dentists perform routine tooth extractions, some impacted third
molar extractions and, to a lesser degree, apical and periodontal
surgeries. However, a much-needed surgical procedure should
be incorporated into more practices-alveolar ridge preservation.
This procedure is simple, easy, fast and relatively inexpensive.
It does not require a significant learning time.
and functional advantages of ridge preservation are impressive.
After practitioners see the result of ridge preservation, they
become committed to the concept. This article discusses indications
for ridge preservation, describes the technique and explains
what outcomes to expect over a period of time.
INDICATIONS FOR RIDGE
Dentists often encounter clinical
situations in which teeth have been extracted in areas of esthetic
concern. As a result, the alveolar bone has resorbed, the soft
tissues have shrunk and the final non-anatomical prosthesis
appears to be false. Such negative results usually can be avoided
by using ridge preservation
The primary indication for alveolar
ridge preservation is a collapse of alveolar bone and soft tissue
that would cause unacceptable
Such situations usually involve
maxillary and mandibular anterior
teeth, as well as maxillary and mandibular premolars. Another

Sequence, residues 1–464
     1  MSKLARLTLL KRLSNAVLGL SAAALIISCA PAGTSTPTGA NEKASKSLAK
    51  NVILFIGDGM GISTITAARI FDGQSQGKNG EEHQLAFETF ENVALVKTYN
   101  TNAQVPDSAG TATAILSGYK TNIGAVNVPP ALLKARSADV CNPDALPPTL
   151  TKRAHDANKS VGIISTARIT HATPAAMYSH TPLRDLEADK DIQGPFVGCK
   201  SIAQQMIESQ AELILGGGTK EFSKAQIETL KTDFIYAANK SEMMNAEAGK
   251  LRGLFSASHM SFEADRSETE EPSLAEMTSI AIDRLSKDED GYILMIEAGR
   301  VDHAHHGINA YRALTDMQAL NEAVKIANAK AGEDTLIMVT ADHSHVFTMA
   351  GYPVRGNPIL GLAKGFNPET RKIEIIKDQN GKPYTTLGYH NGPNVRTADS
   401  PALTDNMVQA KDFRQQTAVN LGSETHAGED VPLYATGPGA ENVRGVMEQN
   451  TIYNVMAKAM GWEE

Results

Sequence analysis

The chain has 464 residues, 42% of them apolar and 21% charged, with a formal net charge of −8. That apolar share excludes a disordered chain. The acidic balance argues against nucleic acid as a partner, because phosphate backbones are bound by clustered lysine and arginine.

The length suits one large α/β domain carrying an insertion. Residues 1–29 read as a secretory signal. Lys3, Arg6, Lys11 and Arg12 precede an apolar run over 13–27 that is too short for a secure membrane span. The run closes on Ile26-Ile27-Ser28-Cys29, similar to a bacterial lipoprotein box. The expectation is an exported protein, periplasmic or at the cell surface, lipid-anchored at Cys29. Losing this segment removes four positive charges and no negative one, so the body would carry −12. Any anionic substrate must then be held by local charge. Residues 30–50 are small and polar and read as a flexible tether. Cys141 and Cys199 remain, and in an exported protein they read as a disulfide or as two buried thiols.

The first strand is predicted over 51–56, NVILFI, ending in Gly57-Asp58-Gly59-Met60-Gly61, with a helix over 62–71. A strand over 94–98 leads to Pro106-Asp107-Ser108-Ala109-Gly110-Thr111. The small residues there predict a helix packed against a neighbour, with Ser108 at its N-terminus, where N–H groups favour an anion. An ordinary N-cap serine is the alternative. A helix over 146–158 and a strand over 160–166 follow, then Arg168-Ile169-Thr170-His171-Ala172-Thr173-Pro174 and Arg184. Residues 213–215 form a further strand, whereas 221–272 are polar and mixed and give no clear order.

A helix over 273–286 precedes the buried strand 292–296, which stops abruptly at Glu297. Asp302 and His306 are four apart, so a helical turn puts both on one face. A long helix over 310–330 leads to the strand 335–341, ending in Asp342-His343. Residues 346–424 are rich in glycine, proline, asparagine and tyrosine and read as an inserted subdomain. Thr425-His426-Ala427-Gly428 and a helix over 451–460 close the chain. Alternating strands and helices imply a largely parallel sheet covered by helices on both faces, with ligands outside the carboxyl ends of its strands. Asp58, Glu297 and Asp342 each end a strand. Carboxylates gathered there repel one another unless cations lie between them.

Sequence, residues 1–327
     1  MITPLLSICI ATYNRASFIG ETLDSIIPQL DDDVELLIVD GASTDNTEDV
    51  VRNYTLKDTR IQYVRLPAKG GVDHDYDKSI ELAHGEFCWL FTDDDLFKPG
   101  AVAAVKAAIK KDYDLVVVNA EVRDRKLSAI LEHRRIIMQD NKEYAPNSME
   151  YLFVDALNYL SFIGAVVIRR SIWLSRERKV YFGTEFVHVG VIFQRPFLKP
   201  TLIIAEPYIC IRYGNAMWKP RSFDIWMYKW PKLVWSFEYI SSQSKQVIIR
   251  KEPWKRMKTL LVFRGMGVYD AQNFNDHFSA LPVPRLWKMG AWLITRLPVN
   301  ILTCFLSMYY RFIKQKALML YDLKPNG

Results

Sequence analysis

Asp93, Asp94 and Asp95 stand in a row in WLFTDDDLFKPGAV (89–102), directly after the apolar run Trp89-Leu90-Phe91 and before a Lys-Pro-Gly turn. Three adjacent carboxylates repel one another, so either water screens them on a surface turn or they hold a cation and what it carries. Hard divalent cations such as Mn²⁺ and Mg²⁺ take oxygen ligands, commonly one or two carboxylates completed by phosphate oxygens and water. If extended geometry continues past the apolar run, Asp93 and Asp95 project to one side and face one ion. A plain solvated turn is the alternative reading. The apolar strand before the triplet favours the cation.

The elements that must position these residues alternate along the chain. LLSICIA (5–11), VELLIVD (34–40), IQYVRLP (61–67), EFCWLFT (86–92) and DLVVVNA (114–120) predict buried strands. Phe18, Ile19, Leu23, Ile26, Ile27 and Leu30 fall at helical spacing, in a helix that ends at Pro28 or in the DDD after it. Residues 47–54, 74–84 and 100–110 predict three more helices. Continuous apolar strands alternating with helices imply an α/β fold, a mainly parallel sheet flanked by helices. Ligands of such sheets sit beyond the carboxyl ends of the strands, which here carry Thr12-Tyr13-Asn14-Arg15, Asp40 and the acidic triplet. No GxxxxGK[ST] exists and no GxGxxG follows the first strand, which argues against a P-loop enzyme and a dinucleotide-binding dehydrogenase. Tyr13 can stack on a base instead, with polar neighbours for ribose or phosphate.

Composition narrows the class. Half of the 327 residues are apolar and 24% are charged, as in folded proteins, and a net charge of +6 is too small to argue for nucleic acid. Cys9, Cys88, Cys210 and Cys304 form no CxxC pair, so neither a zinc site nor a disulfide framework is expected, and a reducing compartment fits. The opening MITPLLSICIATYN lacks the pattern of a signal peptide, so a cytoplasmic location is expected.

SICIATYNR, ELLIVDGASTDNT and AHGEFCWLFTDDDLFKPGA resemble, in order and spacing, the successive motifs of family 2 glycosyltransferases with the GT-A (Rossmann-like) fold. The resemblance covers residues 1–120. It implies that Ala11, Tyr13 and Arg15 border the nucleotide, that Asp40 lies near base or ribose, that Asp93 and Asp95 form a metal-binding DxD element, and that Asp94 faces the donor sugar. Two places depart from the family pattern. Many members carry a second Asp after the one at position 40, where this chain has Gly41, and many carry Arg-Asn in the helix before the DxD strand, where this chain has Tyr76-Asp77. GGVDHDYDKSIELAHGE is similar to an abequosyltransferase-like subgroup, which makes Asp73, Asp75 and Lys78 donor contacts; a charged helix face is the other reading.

excellent indication for ridge preservation is a collapse of
the alveolar ridge that would cause irregularities inalveolar
form, making denture construction difficult.
A third, less common but highly
important indication is tooth extraction, after which ridge
preservation should be performed to provide adequate bone for
subsequent implant placement.
There has been discussion about the desirability of ridge preservation
after all tooth extractions.
However, taking such an aggressive approach
is a decision for each practitioner.
SELECTING THE APPROPRIATE
METHOD AND MATERIAL
Deciding to perform ridge preservation.
Carefully observe the site where a tooth is to be extracted.
Would shrinkage of alveolar bone beyond its current level make
prosthodontic placement difficult? If bone shrinkage appears
to be a potential problem, ridge preservation should be performed.
Selecting material for ridge
preservation. There are several excellent, easily used materials
available for ridge preservation. The concept is simple! A biologically
compatible material is placed in the debrided alveolar socket
to prevent collapse of bone to the extent usually expected.
Some of the available materials stimulate bone growth. The materials
resorb, and after a few months the extraction site appears normal
in radiographs. Other non-resorbable materials remain in place
indefinitely, stimulating bone
growth in and around the implanted material. Such materials
are usually observable in radiographs indefinitely.
Most bone-fill materials work
best when used with a membrane over them, which keeps soft tissue
from growing into the extraction socket (a process called guided
tissue regeneration, or GTR). Such materials usually require
primary soft tissue closure, although some research has shown
that they will work satisfactorily without primary closure.
Other materials do not require
a protective membrane or primary soft-tissue closure. Such materials,
obviously, are easier and less expensive to use.
One of the easiest methods of
preserving ridges without using
GTR employs a material with a long history of acceptability.2